8 Matching Annotations
  1. Last 7 days
    1. I think smaller projects that are faster to build are better for research in this space. Building many smaller projects rather than large ambitious ones have helped me because I avoid getting too attached to one particular idea or product, and with smaller-scoped prototypes I can try many more iterations against the same question or problem. It also lowers the barrier to entry to try more risky ideas – “I’ll try this for a weekend” is much easier than “I’ll have to shift my schedule the next couple weeks to fit this in; is it worth that?” A culture of shorter, more atomic projects will also encourage everyone to break down large ideas into smaller ones that are individually testable, which I think is a good practice regardless of whether those ideas are for a product or an experiment. On the other hand, cycles that are too short obviously run the risk of keeping us from trying more ambitious or complex ideas.

      Atomizing projects and research ideas is very similar to the idea of the atomic note.

      If useful things can be turned into re-usable building blocks, then it can be easier to build and design larger and more complex systems out of them.

  2. Oct 2021
    1. 那为什么在上面的场景中,atomic会比mutex性能好很多呢?作者 Dmitry Vyukov 总结了这两者的一个区别: Mutexes do no scale. Atomic loads do. Mutex由操作系统实现,而atomic包中的原子操作则由底层硬件直接提供支持。在 CPU 实现的指令集里,有一些指令被封装进了atomic包,这些指令在执行的过程中是不允许中断(interrupt)的,因此原子操作可以在lock-free的情况下保证并发安全,并且它的性能也能做到随 CPU 个数的增多而线性扩展。

      多核场景中, atomic 性能优于 mutex 的原因

  3. Aug 2021
    1. Another theoretician of the index card system, the German sociologist Niklas Luhman, whose so-called "Zettelkasten" (slip-box) has achieved independent fame in Germany, used to talk about this first analytic step as "reduction for the sake of [building] complexity." [9]

      Luhmann used the idea of "one card, one fact" as the first step of "reduction for the sake of [building] complexity."

      Historically reducing things to their smallest essential form or building blocks makes it much easier to build up new complex things from them.

      Examples of this include:

      • Reducing numbers to binary 1 and 0
      • tk


      See Luhmann, Niklas (2000) Short Cuts. Edited by Peter Gente, Heidi Paris, Martin Weinmann. Frankfurt/Main: Zweitausendeins), p. 33.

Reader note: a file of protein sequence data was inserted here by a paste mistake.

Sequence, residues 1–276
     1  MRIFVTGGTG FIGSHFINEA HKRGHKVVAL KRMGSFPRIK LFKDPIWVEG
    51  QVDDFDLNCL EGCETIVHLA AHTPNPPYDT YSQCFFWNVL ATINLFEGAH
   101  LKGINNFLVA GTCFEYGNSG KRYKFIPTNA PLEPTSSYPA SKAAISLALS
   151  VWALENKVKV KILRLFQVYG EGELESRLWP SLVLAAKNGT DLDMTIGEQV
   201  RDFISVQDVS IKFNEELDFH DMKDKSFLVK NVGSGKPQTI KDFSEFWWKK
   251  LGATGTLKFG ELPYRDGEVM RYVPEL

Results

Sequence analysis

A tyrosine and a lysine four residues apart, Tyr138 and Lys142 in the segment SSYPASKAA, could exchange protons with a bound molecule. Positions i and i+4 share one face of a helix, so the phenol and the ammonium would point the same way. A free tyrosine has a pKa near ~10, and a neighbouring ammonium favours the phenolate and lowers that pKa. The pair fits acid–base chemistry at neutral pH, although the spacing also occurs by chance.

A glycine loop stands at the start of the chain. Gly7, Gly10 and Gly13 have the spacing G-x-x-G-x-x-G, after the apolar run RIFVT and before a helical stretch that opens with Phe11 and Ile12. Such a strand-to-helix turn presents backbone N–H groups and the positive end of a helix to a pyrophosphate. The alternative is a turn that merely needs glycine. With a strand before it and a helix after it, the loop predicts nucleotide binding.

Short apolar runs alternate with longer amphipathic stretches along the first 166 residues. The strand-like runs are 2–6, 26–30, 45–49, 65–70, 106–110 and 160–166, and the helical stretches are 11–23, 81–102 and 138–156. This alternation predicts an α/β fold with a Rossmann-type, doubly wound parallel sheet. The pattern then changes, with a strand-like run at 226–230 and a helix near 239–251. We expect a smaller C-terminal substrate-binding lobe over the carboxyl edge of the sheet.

4. May 2021
    1. But none of these projects ever comes anywhere near realization, and none of the three super-states ever gains a significant lead on the others. What is more remarkable is that all three powers already possess, in the atomic bomb, a weapon far more powerful than any that their present researches are likely to discover. Although the Party, according to its habit, claims the invention for itself, atomic bombs first appeared as early as the nineteen-forties, and were first used on a large scale about ten years later. A
  5. Feb 2021
    1. To prompt this kind of revolution in your own life, Rose and Ogas suggest creating a micromotive, or a goal tailored to an extremely specific activity that truly inspires you. For example, when Korinne Belock left her job as a political aide to form Urban Simplicity, a firm that declutters and redesigns homes and offices, her micromotive was “organizing physical space.” Note that she didn’t say “doing something creative” or “starting my own business.” Those declarations are too general and fuzzy to be acted on. Instead, she identified a task that sparked within her an outsized amount of curiosity and pleasure and used it as her guide.

      To escape a boring and unfulfilled life, create a micromotive, where we tailor an extremely specific activity that burns the spirit inside you.

  6. Dec 2020
    1. What you see here is a page composed of shared components. However, these are independent components developed and owned by different teams and published from different projects, which are mixed and integrated together.

      the move towards single page applications, component centric frameworks, etc has shifted how we view building webpages.

      It is not so much that we are building a page, but we are building components that we assemble into a page.

      We’re not designing pages, we’re designing systems of components.—Stephen Hay via atomic design

  7. Oct 2020
    1. Passive transport

      The process of moving ions and other atomic/molecular substances across the cell membranes without the need of an input of energy. Instead, it relies on the system to grow during entropy.

  8. Jul 2018